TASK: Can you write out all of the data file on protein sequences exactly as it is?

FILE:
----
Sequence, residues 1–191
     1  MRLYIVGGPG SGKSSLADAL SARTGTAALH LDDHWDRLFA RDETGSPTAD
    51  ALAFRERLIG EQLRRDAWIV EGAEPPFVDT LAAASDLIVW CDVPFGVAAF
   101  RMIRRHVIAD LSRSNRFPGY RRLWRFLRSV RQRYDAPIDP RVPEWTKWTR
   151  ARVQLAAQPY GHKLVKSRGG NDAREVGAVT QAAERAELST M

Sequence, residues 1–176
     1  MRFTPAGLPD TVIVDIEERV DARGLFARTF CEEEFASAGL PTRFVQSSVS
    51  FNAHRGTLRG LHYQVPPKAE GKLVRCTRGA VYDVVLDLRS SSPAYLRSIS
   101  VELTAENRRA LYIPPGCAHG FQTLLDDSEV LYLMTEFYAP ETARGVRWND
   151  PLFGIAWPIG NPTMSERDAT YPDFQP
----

Sequence, residues 1–191
     1  MRLYIVGGPG SGKSSLADAL SARTGTAALH LDDHWDRLFA RDETGSPTAD
    51  ALAFRERLIG EQLRRDAWIV EGAEPPFVDT LAAASDLIVW CDVPFGVAAF
   101  RMIRRHVIAD LSRSNRFPGY RRLWRFLRSV RQRYDAPIDP RVPEWTKWTR
   151  ARVQLAAQPY GHKLVKSRGG NDAREVGAVT QAAERAELST M

Sequence, residues 1–176
     1  MRFTPAGLPD TVIVDIEERV DARGLFARTF CEEEFASAGL PTRFVQSSVS
    51  FNAHRGTLRG LHYQVPPKAE GKLVRCTRGA VYDVVLDLRS SSPAYLRSIS
   101  VELTAENRRA LYIPPGCAHG FQTLLDDSEV LYLMTEFYAP ETARGVRWND
   151  PLFGIAWPIG NPTMSERDAT YPDFQP